One chance to get it right! A personal view by Martin Abrams

Revd Martin Abrams, full time hospital chaplain (Southport and Ormskirk Hospital Trust)

Martin is a core member of the Palliative Care Team, attends their regular Multi-Disciplinary Meeting and works with the team within the hospital, hospice and community.  He is also a former Methodist representative to the Churches’ Funerals Group

Good Practice, Spiritual Assessment and Communication Skills in Palliative and End of Life Care 

In 2013 and 2014 two significant documents were published reflecting on the strengths and weaknesses of the Liverpool Care Pathway (end of life care). The first (in 2013) was the findings of an independent review chaired by Baroness Julia Neuberger and entitled More Care Less Pathway. The following year, the Leadership Alliance for the Care of Dying People published a document entitled One Chance to Get It Right.

Both these documents have influenced greatly the emerging good practice within palliative and end of life care, with One Chance to Get It Right becoming our palliative care team’s working mantra.

It was the Greek philosopher Epictetus (55 – 135 AD) who is attributed with the wise saying, appropriate to all pastoral care: “We have two ears and one mouth so that we can listen twice as much as we speak.”

If a multi-disciplinary palliative care team is to have any chance of fulfilling the principle of one chance to get it right, it clearly has to do a lot of listening with a patient, their family and others important to them.

Part of the listening process involves a spiritual assessment, which enquires about what spiritual, psychological and religious support a patient, and those important to them, may appreciate.

If, following a spiritual assessment, spiritual needs are identified, the chaplain, minister or pastoral carer responding clearly has a lot more listening to do to understand a person’s needs.

The spiritual carer’s response should never be a prescription of set prayers and readings, but a person-centred encounter in which the aim is to understand what is important to a person in those moments. This may lead to a traditional religious blessing with prayers and readings, but it may not.

Health care professions are also encouraged to recognise that a person’s needs and responses can change very quickly, and “no support required” one day can very quickly become something quite different the next.

Within the toolbox of listening skills, open questions have a key role. Sometimes out of nervousness, fear of the situation, or what might be said in response, it is all too easy for a carer to make a statement or ask a closed question. This will inevitably elicit a one word, or very short, answer. For example, the statement: “I imagine you are feeling fairly down at the moment?” Or asking: “Are you feeling down at the moment?” which, as well as suggesting how we think a person may feel, will simply prompt a one word answer. However, saying and asking something like “I really want to offer you the support that is best to you, so please tell me your story?” or “How are things at the moment?” can prompt a lot of very helpful responses, which can be followed by other open questions.

Open questions also show a genuine interest in a person and what they are thinking and feeling. Of course, listening to the answer is very important, as is picking up the cues a person gives as to what is important to them in those moments. All this enhances the opportunity of offering the right response to the person.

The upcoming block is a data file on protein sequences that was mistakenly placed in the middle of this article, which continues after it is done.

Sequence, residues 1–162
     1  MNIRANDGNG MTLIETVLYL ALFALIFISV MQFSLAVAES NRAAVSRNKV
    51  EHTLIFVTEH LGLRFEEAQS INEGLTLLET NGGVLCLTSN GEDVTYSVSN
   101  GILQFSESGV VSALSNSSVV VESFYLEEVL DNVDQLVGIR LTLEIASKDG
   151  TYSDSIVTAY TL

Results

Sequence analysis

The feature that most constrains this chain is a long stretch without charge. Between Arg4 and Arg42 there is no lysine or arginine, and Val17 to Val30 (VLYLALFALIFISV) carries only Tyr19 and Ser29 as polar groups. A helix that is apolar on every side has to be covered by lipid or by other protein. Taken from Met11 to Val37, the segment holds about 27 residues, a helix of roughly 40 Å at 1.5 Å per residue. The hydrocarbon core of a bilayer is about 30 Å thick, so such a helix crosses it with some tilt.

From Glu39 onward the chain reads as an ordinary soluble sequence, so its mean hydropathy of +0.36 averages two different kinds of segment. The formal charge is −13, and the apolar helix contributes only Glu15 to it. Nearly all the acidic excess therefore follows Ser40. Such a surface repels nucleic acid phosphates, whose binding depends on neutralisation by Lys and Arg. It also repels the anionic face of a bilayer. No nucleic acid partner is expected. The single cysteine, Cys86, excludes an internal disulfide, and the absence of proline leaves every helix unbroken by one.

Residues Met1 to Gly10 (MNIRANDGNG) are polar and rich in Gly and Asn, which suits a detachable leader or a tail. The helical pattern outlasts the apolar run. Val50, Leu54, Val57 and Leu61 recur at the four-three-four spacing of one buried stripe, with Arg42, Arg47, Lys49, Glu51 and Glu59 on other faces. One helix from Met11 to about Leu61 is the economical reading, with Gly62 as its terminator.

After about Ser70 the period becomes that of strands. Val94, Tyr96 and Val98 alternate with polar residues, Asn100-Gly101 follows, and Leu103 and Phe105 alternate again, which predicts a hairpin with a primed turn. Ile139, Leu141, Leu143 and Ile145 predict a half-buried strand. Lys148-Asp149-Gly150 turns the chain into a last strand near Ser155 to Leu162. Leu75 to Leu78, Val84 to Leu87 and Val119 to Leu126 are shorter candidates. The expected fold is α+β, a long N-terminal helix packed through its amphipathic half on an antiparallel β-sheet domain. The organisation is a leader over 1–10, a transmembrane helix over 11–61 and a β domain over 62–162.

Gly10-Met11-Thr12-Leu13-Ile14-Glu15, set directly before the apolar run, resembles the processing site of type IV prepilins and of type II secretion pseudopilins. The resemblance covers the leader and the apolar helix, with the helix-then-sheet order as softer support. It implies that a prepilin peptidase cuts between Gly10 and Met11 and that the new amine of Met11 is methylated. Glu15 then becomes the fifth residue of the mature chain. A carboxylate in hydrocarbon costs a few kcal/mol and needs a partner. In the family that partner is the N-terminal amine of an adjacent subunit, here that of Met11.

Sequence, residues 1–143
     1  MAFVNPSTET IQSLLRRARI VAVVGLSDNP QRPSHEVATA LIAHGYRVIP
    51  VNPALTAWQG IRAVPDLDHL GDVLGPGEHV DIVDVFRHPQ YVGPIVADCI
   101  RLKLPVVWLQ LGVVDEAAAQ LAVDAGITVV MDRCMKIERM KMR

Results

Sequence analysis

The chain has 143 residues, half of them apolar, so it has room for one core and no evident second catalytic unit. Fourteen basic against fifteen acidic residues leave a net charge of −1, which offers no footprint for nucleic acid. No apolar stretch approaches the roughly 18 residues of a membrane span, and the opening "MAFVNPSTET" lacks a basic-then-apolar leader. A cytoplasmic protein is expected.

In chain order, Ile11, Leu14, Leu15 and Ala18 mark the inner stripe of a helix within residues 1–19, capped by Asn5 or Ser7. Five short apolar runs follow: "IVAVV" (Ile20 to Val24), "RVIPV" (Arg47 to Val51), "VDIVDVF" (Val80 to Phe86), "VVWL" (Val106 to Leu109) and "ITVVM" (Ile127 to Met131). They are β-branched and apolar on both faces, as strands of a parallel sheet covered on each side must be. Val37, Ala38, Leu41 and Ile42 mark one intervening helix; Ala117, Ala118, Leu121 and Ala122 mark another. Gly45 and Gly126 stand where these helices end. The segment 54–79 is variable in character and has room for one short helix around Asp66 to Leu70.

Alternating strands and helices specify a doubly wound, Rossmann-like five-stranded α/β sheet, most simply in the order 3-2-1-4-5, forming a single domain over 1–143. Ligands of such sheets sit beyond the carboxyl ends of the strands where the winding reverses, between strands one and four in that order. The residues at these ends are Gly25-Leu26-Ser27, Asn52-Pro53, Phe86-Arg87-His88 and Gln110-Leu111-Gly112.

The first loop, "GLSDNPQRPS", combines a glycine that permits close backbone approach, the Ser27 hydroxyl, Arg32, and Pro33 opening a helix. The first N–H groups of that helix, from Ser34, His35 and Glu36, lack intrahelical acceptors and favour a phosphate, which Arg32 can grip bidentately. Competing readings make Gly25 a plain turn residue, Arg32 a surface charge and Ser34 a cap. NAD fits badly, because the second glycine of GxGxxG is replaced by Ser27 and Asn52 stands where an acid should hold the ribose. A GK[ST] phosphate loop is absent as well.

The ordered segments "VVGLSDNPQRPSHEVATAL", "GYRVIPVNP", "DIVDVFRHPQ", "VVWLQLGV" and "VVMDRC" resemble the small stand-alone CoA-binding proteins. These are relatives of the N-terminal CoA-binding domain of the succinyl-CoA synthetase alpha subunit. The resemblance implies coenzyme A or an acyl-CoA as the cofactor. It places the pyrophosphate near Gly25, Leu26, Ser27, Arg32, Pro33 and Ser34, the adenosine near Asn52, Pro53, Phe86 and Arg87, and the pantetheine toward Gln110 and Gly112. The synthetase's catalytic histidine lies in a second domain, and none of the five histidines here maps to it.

One of my well used questions is: “What would make a difference to you now?” The strength of this question is that it can quickly help assess what is significant to a person in that moment.

We may, for example, visit a person of great faith, who we know well, and expect an ongoing conversation debating the theological issues relating to suffering, death and dying in the context of prayer and hope-filled bible readings. If the answer to the above question comes back as “a drink”, or “shut that window,” or “how do I tell my partner what I am feeling?” or “help me, as I have lost all my faith”, immediately this becomes a person-centred encounter with the conversation agenda set by the person.

The above question has, as well as the above replies, prompted many other responses, some predictable and some surprising, including:

  • A Rapid End of Life Transfer to the person’s home, or another Preferred Place of Care, which, if practical can be arranged in hours, 7 days a week. This is in fact a regular occurrence
  • A relationship blessing of a patient’s relatives in a hospital room, so a patient can be part of the celebration and the security of their commitment
  • The wedding of the patient and their partner (which can be arranged in days, or sometimes hours) or a marriage blessing and prayers said for the future of the dying partner and the surviving partner
  • Drinking Champagne and celebrating life with family and friends as the patient wanted to be at their own “wake”
  • Arranging for pets to visit
  • Baptisms
  • Traditional prayers and blessings
  • Support for a committed atheist, who always said when his time came he would want to meet the chaplain
  • Funeral or Life Celebration planning
  • Other ways of creating memories including photographs with family and friends, special films watched together and significant music listened to.

Little of the above happens without good communication skills and a real commitment to the recognition that there is only one chance to get it right.

For all involved in palliative care and supporting people at the end of life, in which faith communities have a significant part to play, it is important to make a priority of the privilege offered and recognise that palliative care is not only support for dying well but also for living well in whatever time is available.  


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